January 5th, 2015 / Insight posted in The Sunday Times Business Doctor

Refurbishment can be set against tax

AW writes: My company is leasing a new office, which we are renovating before moving into it. This mostly involves decorating, new lighting and putting up some internal walls. When this is complete we plan to install new furniture. Can the company get a tax deduction and recover VAT on the costs?

The tax treatment will vary and depends on the different elements of the work being carried out. As long as your company is VAT registered and doesn’t have a partial exemption, it should be able to recover the full VAT, writes Jon Dawson, partner at Kingston Smith LLP.

For tax purposes the treatment is split into three main categories.

  • Repairs and maintenance costs come under expenses in the accounts, and a full corporation tax deduction can be obtained. This will cover general decoration and any repairs to existing assets — but not the cost of replacing items such as furniture.
  • Any improvements that qualify as plant and machinery, as well as new equipment including furniture, should be capitalised as fixed assets and be eligible for capital allowances. Integral features such as new lighting systems will also be included in this category.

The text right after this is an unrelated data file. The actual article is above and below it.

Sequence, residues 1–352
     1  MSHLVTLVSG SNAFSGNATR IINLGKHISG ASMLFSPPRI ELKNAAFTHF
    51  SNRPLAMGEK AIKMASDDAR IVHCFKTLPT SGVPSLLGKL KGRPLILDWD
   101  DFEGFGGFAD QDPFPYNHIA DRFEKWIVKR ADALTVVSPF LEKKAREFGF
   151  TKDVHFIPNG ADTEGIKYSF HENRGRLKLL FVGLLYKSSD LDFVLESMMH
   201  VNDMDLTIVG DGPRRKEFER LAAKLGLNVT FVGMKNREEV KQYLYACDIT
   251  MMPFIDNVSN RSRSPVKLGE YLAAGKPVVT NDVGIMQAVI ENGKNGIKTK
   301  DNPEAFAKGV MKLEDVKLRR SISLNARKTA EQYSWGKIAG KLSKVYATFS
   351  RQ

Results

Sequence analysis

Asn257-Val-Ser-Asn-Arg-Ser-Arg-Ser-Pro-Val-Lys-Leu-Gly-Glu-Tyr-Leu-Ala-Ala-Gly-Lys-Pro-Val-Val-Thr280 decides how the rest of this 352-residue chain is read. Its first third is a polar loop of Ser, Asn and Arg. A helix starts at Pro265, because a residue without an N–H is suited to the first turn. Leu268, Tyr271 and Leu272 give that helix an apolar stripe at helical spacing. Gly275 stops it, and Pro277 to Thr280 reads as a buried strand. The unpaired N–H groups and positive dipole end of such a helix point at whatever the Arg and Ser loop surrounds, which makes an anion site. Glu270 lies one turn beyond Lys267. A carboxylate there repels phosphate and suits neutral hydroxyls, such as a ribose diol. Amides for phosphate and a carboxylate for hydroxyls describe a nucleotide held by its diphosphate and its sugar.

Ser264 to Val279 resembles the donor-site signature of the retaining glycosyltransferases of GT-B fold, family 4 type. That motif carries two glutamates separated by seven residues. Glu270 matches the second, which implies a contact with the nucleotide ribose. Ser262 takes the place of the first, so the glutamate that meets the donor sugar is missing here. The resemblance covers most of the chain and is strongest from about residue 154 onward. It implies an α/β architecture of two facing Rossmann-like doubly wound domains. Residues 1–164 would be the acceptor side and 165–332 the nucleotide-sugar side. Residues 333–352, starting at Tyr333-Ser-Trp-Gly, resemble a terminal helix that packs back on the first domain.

Your company should qualify for the annual investment allowance. This means you will receive a full tax deduction for the first £500,000 spent on qualifying plant and machinery in a tax year. This is due to apply until December 31, when the allowance drops to £25,000 a year.

  • Any expenditure outside the annual investment allowance will attract writing-down allowances of 8% on integral features, 18% on general equipment and 100% for specific energy efficient plant.


Certain structural work on the building itself will be regarded as a capital item — but if it doesn’t qualify as plant and machinery no tax deduction is permitted.

You will need to itemise the full work and apply the correct treatment to each category.